Photographer's Note

I continue trawling through my archives with a series of pictures from the small town of Aldeburgh in Suffolk, United Kingdom.

Some words about the town from Wikipedia:

Aldeburgh is a coastal town in the English county of Suffolk. Located on the North Sea coast to the north of the River Alde, the town is notable for having been the home of composer Benjamin Britten and as the centre of the international Aldeburgh Festival of arts at nearby Snape Maltings founded by him in 1948.

It remains an artistic and literary centre with an annual Poetry Festival and several food festivals as well as other cultural events. It is a former Tudor port and was granted Borough status in 1529 by Henry VIII. Its historic buildings include a 16th-century moot hall and a Napoleonic-era Martello Tower.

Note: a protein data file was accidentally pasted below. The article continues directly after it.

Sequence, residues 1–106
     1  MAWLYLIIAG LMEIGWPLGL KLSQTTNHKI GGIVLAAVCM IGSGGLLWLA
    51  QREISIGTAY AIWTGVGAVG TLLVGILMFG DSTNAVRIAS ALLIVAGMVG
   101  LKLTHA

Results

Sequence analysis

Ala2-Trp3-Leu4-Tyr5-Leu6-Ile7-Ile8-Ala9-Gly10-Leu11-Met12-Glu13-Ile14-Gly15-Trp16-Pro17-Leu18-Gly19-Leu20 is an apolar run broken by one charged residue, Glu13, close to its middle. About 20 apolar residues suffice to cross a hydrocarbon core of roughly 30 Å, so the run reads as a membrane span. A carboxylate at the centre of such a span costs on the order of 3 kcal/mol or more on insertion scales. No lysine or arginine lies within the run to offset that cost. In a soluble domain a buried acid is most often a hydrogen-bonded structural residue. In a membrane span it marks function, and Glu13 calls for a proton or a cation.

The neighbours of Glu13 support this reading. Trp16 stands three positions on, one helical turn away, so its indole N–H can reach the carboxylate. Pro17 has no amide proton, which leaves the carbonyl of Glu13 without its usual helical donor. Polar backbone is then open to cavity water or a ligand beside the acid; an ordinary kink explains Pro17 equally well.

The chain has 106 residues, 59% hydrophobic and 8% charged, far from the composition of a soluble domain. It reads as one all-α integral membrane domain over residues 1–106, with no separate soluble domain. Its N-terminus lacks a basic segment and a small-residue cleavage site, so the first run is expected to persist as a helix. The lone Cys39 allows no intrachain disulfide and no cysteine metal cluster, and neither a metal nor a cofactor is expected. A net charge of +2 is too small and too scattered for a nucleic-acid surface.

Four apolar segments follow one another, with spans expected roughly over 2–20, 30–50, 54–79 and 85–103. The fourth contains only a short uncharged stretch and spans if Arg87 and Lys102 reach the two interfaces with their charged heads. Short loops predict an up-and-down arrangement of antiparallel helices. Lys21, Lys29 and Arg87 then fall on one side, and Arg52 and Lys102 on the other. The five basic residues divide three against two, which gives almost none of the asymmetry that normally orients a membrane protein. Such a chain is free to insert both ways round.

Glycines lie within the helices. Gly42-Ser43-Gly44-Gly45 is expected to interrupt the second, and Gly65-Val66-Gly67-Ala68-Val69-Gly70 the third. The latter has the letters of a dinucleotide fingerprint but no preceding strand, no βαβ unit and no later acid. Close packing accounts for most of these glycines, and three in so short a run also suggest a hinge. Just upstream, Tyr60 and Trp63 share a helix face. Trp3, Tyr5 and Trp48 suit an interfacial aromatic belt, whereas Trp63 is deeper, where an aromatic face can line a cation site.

Alde Burgh means "old fort" although this structure, along with much of the Tudor town, has now been lost to the sea. In the 16th century, Aldeburgh was a leading port, and had a flourishing ship-building industry. Sir Francis Drake's Greyhound and Pelican (later renamed the Golden Hind) were both built in Aldeburgh. The flagship of the Virginia Company, the Sea Venture is believed to have been built here in 1608.

Aldeburgh's importance as a port declined as the River Alde silted up and larger ships could no longer berth. It survived mainly as a fishing village until the 19th century, when it also became a seaside resort. Much of its distinctive and whimsical architecture derives from that period.

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Additional Photos by Stephen Nunney (snunney) Gold Star Critiquer/Gold Star Workshop Editor/Gold Note Writer [C: 9194 W: 63 N: 25858] (114547)
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